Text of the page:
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Willie Brim and Zennith, Mantaka family home
Event_

Bla(c)kness in Australia

Co-presented with the Department of Sociology and Social Policy
Join us for the launch of the special issue of the magazine Transition on "Bla(c)kness in Australia". The collection brings together the voices and artwork of diverse Bla(c)k writers, artists, poets, and scholars in Australia.

Event details

Event type: Panel
Date: Tuesday 7 August 2018
Time: 6 - 7.30pm
Venue: Law School Foyer, Level 2, Sydney Law School (F10), Eastern Avenue (next to Fisher library, either University Ave or City Rd Entrance)
Cost: Free and open to all with online registrations required
Register for this event

Please note: while there is some parking available at New Law Building carpark, Shepherd Street carpark, Broadway and some street parking, spaces are limited so we suggest using public transport whenever possible. 

 

During the 1960s and 1970s with the influence of global Black cultural flows, Aboriginal and Torres Strait Islander people, as well as other groups such as African-Australians, African migrants, South Sea Islanders, and Pacific Islanders began to refer to themselves as Black. Since the early 1990s, the alternative term Blak has been used by Aboriginal people to define their own unique histories against limiting phenotypical and romanticized conceptions of Blackness. 

In the latest issue of Transition magazine, the particular spelling of Bla(c)k is used to be inclusive of the distinct experiences and histories of Aboriginal and Torres Strait Islander, and Afro-descendant peoples. Bringing together these voices, the issue shows the expansiveness of what it means to be Bla(c)k and highlights the complexity of projects of Bla(c)k solidarity in this settler colonial nation.

The Speakers:

  • Dr Jared Thomas (introduction) is a Nukunu person of the Southern Flinders Ranges, a novelist, Curator of Aboriginal and Torres Strait Islander Art and Material Culture at the South Australian Museum, and former lecturer. His novel Calypso Summer joined the 2015 International Youth Library White Raven list, given to books deserving worldwide attention, and his recent releases include Songs That Sound Like Bloodand the Game Day series written with NBA player Patty Mills.

  • Sujatha Fernandes (moderator) is a Professor of Political Economy and Sociology at the University of Sydney. Her work explores social movements, global blackness, and cultural politics in the Americas and Australia. Her books include Cuba Represent! (2006), Who Can Stop the Drums? (2010), and most recently Curated Stories: The Uses and Misuses of Storytelling (2017). Her literary work includes a memoir on global hip hop, Close to the Edge: In Search of the Global Hip Hop Generation (2011), as well as essays and short stories published in the New York TimesThe NationAster(ix), and elsewhere.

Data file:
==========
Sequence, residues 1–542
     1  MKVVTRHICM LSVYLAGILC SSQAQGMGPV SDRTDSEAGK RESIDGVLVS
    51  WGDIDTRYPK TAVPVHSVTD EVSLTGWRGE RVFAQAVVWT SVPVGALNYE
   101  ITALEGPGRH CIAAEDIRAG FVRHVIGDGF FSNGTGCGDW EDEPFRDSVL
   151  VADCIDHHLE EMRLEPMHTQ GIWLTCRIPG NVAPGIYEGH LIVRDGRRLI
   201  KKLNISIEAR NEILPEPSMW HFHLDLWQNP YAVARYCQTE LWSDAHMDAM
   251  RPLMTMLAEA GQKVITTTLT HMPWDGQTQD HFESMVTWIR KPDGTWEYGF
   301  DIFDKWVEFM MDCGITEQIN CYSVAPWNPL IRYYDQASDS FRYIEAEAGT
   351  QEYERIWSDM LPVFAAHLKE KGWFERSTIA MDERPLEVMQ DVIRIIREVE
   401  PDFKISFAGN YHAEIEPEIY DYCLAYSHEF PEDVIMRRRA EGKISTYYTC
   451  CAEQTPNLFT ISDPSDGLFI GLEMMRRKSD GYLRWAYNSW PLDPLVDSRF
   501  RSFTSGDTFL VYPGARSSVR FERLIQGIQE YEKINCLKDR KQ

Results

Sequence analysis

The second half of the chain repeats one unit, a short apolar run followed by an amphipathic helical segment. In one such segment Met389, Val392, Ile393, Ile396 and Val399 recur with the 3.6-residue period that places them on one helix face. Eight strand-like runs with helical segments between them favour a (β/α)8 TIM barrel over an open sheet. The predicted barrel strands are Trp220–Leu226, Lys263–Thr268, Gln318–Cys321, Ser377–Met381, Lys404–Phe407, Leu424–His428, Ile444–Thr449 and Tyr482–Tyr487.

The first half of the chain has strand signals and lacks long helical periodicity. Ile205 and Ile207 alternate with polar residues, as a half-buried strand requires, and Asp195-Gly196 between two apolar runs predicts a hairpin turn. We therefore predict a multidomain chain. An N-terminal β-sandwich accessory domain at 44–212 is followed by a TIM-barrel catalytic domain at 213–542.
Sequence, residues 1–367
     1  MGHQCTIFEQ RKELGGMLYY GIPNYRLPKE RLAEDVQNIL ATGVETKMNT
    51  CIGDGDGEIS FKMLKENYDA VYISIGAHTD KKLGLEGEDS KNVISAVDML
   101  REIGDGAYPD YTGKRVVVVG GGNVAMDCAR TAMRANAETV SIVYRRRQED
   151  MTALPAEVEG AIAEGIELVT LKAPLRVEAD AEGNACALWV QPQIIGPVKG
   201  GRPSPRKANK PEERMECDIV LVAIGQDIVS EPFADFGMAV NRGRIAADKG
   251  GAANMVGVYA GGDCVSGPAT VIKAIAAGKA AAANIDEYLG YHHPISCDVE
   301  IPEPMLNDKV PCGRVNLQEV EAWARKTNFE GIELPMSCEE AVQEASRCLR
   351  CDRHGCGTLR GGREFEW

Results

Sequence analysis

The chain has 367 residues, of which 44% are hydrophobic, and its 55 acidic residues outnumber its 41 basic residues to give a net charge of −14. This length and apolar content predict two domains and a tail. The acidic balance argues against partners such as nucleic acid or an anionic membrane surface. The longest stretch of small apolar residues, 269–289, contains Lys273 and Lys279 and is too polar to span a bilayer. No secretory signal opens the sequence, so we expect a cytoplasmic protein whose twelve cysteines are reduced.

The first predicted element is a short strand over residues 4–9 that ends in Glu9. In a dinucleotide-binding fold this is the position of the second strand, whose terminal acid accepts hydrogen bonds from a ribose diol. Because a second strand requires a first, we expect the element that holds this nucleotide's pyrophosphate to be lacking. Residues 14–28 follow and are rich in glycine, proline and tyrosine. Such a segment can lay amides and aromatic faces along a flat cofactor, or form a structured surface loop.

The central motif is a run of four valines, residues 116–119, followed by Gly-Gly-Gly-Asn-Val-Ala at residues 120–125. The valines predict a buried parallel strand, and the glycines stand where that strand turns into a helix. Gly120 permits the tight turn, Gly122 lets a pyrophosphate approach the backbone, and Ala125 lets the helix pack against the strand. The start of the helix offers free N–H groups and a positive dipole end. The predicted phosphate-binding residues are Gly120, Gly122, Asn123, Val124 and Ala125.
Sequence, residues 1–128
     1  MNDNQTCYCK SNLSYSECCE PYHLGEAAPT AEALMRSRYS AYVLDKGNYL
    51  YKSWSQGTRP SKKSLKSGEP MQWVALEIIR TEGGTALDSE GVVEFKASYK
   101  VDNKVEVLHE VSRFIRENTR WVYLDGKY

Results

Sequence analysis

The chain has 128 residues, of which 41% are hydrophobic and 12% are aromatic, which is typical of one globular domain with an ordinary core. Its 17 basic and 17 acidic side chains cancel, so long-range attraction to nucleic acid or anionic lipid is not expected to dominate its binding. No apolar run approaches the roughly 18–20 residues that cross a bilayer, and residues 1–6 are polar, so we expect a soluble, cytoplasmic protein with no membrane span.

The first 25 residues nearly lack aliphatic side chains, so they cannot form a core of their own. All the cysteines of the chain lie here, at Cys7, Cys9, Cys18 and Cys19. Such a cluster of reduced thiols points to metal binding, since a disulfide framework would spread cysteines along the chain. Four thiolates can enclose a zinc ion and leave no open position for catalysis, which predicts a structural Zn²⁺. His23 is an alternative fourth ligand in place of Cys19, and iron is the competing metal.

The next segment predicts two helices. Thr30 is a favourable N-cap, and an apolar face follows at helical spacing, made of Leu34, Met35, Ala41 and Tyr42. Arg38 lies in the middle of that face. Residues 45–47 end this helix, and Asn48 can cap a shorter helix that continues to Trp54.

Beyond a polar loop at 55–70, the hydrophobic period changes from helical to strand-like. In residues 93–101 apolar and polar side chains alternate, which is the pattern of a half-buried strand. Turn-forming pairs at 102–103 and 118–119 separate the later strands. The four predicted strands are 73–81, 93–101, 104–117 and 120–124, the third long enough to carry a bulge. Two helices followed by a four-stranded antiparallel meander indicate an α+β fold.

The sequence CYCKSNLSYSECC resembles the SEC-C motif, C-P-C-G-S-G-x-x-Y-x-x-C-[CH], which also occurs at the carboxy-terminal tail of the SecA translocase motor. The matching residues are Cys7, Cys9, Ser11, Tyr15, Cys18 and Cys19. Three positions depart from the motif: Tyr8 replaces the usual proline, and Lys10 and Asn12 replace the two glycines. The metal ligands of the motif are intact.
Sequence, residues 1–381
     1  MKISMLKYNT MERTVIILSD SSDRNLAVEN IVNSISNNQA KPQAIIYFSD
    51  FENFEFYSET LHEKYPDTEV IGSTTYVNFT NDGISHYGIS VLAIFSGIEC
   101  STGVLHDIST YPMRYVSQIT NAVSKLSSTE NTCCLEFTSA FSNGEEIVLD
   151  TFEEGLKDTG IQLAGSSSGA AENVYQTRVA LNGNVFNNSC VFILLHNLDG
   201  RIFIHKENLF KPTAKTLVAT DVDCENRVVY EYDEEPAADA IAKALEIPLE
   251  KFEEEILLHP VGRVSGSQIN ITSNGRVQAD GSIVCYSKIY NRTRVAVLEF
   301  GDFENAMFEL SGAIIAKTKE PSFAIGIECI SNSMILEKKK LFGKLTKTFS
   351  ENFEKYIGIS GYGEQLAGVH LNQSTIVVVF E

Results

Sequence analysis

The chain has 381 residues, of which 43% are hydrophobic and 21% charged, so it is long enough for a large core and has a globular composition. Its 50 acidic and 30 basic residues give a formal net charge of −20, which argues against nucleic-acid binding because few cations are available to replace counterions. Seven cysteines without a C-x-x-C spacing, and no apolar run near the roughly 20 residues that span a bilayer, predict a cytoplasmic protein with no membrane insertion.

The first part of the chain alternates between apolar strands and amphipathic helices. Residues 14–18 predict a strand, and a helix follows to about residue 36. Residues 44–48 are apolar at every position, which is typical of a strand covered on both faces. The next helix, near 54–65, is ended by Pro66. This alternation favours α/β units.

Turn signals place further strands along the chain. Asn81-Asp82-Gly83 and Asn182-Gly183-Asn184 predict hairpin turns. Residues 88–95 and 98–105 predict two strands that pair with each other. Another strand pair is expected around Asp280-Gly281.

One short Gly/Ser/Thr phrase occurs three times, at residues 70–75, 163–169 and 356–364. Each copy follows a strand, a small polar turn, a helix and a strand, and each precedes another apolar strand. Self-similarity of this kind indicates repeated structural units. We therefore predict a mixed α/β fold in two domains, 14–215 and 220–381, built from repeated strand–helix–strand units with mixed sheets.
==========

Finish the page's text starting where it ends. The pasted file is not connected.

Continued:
• Kaiya Aboagye is a doctoral candidate at the University of Sydney. Her research highlights the trans-cultural connections between Indigenous Australia and the global African Diaspora. She would like to thank and acknowledge Wilo Muwauda (Kalkatunga Nation, Allawarra of the Eastern Arrernte) for the many philosophical discussions on indigeneity and blackness which contributed to her article “Australian Blackness.”

  • Hani Abdile is a writer and spoken word poet based in Sydney. After spending months in immigration detention, she found healing in writing poetry. Hani is an honorary member of PEN international and a lead member of Writing Through Fences. She has received numerous awards for her community work and achievements. Hani performs in the Sydney poetry scene, which makes her heart beat endlessly for the love and happiness poetry brings. Her first book, I Will Rise, was published in 2016 by Writing Through Fences.

  • Yadira Perez Hazel is a Cultural Anthropologist born in Atlantic City, NJ and raised in the South Bronx to Puerto Rican parents. Dr. Perez Hazel's work pushes to uncover the insidious practices & structures of white privilege. She has published on issues of national and racial identity, migration, and belonging and has worked with non-profits and arts institutions on developing and conducting effective community-based research. Dr. Perez Hazel is currently an Honorary Fellow at Melbourne University working on contemporary articulations of Blak/Black Identity in Australia and its connection to community-building and resistance.

  • Omid Tofighian is a lecturer, researcher and community advocate. His current roles include Assistant Professor in Philosophy, American University in Cairo; Honorary Research Associate for the Department of Philosophy, University of Sydney; faculty at Iran Academia; and campaign manager for Why Is My Curriculum White? - Australasia. He contributes to community arts and cultural projects and works with refugees, migrants and youth. He is author of Myth and Philosophy in Platonic Dialogues(Palgrave Macmillan 2016) and translator of Behhouz Boochani's book No Friend But The Mountains: Writing From Manus Prison (Pan Macmillan-Picador 2018).



Image (at top): Willie Brim and Zennith, Mantaka family home

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